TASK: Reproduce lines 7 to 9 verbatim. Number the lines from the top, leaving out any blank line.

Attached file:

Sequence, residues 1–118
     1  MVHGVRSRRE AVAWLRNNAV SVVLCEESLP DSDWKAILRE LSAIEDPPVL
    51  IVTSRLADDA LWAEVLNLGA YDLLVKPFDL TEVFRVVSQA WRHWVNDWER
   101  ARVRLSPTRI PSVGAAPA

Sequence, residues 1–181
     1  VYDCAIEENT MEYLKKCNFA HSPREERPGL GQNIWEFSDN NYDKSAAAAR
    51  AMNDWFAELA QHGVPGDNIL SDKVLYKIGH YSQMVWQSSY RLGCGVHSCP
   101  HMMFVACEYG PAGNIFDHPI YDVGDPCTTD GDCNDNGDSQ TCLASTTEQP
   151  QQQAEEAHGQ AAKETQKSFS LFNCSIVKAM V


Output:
    51  AMNDWFAELA QHGVPGDNIL SDKVLYKIGH YSQMVWQSSY RLGCGVHSCP
   101  HMMFVACEYG PAGNIFDHPI YDVGDPCTTD GDCNDNGDSQ TCLASTTEQP
   151  QQQAEEAHGQ AAKETQKSFS LFNCSIVKAM V